Monday night’s win turned on his head in the third quarter, when the Celtics fumbled the ball away just once in a 35-18 period. That was nearly triple the 13 points they scored coming out of the locker room in Brooklyn the night before. There was one point in the middle of the quarter when Brown was trapped by Pascal Siakam and OG Anunoby and got his pass to Smart deflected. But he got lucky as the ball just barely reached Smart, he cut to the hoop and Smart passed it through a triple-team that had forgotten about Brown in all the chaos.
That’s the hallmark of this Celtics offense. They play hard and fast, trying to swing the ball fast enough that the defense eventually can’t keep up. That’s when too many defenders get locked onto one guy, and that’s exactly when Brown has made the right dive to the hoop.
Brown has now gone 92.5 minutes without a turnover while racking up eight assists Monday. That’s an entire Hollywood blockbuster, which is exactly what his game is looking like right now.
The off-ball Jayson Tatum solution
Tatum’s screening has improved this year in subtle ways that make him a valuable decoy off the ball. Boston has built more pindown screens for shooters into his offense over the past few seasons, trying to make the defense confused on how to switch it while Tatum’s teammate gets an open 3.
Late in the first quarter, Boston ran a quick action on the break when Sam Hauser had the ball on the left wing with Kornet in the middle to get the ball and read the floor. Tatum was coming down the middle of the floor with Grant Williams out on the right wing with some room. Tatum wanted to come up to the ball to get the handoff from Kornet, but his defender fronted that action and forced Tatum to cut toward the hoop.
But instead of curling through the paint and out to the corner, Tatum went toward Siakam, who was loosely covering Williams. Tatum’s defender was confused by his position on Siakam’s inside hip and retreated all the way behind Siakam while Siakam called for the switch. So that meant nobody was going toward Williams and they were both standing under Tatum’s screen.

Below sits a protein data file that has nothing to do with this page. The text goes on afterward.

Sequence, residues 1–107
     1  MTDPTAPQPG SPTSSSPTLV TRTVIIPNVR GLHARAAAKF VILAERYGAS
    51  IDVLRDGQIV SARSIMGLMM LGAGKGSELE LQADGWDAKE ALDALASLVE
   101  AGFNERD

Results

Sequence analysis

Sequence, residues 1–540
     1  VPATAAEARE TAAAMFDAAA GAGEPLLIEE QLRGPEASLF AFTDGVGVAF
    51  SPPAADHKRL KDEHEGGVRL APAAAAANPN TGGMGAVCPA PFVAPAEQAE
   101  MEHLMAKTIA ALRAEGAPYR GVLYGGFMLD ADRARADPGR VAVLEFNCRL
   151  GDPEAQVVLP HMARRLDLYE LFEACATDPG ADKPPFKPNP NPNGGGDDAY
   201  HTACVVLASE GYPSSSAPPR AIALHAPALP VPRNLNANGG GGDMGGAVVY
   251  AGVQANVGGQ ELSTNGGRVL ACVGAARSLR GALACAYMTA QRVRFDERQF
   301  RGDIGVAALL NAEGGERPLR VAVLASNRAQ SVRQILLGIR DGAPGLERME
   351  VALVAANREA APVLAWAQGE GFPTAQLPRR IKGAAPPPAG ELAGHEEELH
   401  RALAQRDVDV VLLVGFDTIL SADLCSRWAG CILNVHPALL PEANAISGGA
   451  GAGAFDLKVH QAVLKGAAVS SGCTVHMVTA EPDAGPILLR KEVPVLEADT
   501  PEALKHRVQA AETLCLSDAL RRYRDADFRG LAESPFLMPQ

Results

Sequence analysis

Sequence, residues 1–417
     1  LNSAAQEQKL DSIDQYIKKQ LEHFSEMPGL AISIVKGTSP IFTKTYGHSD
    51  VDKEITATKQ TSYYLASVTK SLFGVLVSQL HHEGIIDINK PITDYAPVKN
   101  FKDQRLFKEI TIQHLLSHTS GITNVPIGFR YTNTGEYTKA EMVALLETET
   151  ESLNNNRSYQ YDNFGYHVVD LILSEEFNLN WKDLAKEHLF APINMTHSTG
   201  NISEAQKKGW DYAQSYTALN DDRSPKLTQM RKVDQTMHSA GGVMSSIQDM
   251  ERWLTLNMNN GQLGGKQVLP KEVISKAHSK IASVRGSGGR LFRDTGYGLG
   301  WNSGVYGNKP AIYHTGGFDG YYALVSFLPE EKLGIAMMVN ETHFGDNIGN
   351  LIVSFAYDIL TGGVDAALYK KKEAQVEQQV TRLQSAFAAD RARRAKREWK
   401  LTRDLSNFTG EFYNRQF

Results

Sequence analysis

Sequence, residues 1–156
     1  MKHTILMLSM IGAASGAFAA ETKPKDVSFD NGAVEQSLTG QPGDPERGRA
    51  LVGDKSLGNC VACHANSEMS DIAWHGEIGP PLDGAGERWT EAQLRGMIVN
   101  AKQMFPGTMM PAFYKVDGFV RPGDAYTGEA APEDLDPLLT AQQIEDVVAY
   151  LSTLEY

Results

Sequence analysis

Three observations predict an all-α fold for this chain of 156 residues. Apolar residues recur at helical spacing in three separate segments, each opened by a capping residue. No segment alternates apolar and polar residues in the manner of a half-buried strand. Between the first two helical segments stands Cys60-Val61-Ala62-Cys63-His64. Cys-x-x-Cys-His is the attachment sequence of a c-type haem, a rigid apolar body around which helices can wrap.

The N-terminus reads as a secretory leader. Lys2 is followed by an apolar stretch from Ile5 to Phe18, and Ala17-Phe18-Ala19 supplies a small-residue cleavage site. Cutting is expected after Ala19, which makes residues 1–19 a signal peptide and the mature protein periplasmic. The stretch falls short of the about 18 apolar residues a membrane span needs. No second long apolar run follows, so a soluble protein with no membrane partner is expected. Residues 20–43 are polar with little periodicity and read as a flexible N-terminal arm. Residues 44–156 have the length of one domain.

Tatum has been unstoppable attacking the paint and making better reads as a passer than ever. But it’s these little things he does to create opportunities for his teammates that have made him an MVP-level player this year.
He was getting frustrated in the first half when he was attacking hard and not getting calls, but came out on fire in the third quarter and found his rhythm driving baseline around Toronto’s small rim protection.
Tatum is learning how to solve problems rather than just trying to be the solution. He’s recognizing that he’s the queen on the chess board, rather than the entire board itself. It’s how they keep proving resilient, night in, night out.
“When we put our minds to it, we can beat anybody. It’s just a choice that we gotta make,” Tatum said. “We can make excuses. We had two guys out, or four guys out actually. Second night of a back-to-back, we could’ve just chalked this one up. But we wanted to figure it out.”
(Photo: Vaughn Ridley / NBAE via Getty Images)